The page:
It isn’t surprising to hear about Huawei’s attempts to circumvent US sanctions that prevent it from buying products, technologies, and even software from former partners like Qualcomm and Google. For example, it ordered some 4G-only Snapdragon chips to bypass its ban from touching anything related to 5G. Some lawmakers and government officials in the US see its sale of Honor to a consortium as one of those evasive maneuvers and want the former subsidiary to be put on the same Entity List. Unfortunately for them, their own colleagues have placed the decision in a deadlock.
Huawei was put in the US government’s entity list under the Trump administration for allegedly being a national security threat and for violating trade bans with countries like Iran. Being on that list meant that it could not do business with US companies without a license from the US Commerce Department, specifically when it comes to purchasing US products related to 5G networks. This put not only Huawei’s smartphone and networking hardware business at risk but also chip maker HiSilicon and subsidiary phone manufacturer Honor.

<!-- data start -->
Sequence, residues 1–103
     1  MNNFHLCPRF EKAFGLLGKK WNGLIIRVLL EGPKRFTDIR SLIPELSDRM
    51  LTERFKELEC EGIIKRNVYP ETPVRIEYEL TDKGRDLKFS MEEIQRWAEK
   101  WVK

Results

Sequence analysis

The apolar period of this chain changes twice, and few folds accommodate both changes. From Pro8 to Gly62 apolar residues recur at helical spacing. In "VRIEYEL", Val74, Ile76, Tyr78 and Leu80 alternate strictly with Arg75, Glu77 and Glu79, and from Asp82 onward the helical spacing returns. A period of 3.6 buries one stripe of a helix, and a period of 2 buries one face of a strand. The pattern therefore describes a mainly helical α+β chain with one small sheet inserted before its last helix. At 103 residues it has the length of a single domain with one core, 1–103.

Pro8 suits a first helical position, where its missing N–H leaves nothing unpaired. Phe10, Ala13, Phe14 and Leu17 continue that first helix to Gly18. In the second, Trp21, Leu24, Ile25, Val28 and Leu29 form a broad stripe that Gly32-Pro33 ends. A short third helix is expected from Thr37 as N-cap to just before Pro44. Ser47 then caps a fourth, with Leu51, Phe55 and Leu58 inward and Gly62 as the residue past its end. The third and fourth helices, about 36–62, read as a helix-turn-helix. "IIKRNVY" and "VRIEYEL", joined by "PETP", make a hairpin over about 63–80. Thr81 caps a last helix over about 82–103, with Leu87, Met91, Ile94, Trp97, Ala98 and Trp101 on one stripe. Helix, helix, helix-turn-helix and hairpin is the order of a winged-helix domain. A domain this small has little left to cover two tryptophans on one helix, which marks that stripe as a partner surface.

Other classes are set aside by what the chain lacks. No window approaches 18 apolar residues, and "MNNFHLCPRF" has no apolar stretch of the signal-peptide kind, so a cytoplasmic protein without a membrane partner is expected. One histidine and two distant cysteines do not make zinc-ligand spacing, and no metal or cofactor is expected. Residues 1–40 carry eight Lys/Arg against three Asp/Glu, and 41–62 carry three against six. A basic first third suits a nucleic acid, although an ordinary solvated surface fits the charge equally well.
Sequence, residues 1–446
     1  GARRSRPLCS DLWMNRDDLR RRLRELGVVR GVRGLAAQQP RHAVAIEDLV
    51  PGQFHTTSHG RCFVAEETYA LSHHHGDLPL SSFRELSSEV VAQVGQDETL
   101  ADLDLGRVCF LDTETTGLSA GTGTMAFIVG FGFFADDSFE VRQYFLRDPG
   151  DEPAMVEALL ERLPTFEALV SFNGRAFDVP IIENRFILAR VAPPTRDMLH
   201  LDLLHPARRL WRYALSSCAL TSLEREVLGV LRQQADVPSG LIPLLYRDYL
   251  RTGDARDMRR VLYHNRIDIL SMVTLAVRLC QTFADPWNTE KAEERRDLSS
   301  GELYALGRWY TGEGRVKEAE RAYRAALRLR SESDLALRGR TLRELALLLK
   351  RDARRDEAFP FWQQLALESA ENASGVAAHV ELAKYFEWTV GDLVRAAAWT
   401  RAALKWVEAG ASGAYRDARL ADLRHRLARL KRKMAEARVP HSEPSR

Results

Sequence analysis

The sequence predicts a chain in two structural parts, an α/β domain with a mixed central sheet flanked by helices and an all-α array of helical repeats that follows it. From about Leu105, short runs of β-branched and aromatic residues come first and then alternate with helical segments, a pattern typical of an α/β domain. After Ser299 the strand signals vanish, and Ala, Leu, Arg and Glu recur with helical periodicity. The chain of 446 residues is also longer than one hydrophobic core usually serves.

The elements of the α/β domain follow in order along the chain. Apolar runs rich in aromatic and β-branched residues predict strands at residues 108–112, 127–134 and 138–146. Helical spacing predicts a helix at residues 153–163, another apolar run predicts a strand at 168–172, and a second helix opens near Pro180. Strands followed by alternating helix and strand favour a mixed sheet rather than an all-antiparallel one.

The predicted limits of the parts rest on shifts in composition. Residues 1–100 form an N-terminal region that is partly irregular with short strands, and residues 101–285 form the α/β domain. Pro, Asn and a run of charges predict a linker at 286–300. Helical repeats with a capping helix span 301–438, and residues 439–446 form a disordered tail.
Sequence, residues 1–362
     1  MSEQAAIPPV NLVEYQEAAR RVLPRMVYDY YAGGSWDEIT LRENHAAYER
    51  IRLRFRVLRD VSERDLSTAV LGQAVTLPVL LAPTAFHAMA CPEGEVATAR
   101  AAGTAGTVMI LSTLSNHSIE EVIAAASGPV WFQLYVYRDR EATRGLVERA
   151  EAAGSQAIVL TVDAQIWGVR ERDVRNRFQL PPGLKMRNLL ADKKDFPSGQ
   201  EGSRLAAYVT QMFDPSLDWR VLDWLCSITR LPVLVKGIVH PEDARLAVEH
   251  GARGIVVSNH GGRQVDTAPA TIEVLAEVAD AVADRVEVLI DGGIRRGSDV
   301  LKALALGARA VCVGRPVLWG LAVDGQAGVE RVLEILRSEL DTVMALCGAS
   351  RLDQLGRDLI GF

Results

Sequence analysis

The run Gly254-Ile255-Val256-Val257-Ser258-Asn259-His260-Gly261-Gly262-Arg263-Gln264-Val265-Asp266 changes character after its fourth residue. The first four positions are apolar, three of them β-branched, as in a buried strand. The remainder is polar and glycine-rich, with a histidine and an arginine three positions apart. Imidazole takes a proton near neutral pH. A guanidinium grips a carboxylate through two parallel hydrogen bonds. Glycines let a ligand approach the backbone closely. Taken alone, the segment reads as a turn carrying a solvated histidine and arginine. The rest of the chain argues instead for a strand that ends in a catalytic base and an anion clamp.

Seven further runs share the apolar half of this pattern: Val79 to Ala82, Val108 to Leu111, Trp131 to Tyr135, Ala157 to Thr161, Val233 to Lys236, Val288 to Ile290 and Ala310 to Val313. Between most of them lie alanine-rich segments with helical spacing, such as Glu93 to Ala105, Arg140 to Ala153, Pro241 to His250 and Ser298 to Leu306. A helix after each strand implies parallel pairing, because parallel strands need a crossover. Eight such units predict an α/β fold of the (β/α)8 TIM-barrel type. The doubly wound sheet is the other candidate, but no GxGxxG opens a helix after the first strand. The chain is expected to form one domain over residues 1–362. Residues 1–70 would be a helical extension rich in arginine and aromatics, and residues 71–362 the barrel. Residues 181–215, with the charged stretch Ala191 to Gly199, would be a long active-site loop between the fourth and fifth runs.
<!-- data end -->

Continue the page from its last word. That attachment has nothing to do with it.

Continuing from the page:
To keep Honor from folding, Huawei sold off Honor to a consortium of over 30 agents and dealers last year. Some in the US, however, took issue with how that consortium still has alleged ties to state-backed investors and even has former Huawei executives at the helm. Unsurprisingly, US lawmakers and some agencies want Honor to suffer the same fate as its former parent.
Fortunately for Honor, the vote has been split between two equal halves of the decision-making body. The Pentagon and Energy department want Honor to be sanction while the Commerce and State departments are of the opposite opinion. In the event of a prolonged impasse, the Cabinet could make that call in the end, or even President Biden himself could make the final decision. Biden’s administration has made no effort so far to remove Huawei from the entity list.
The debate pretty much revolves around whether Honor, who doesn’t sell smartphones in the US and doesn’t make networking equipment like Huawei, can actually be considered a national security threat. Some cite the lack of concrete evidence tying it to the Chinese government to be enough reason to exclude Honor from the list. Others argue, however, that China’s state-backed ownership structure and party-state economy pretty much guarantees that it is.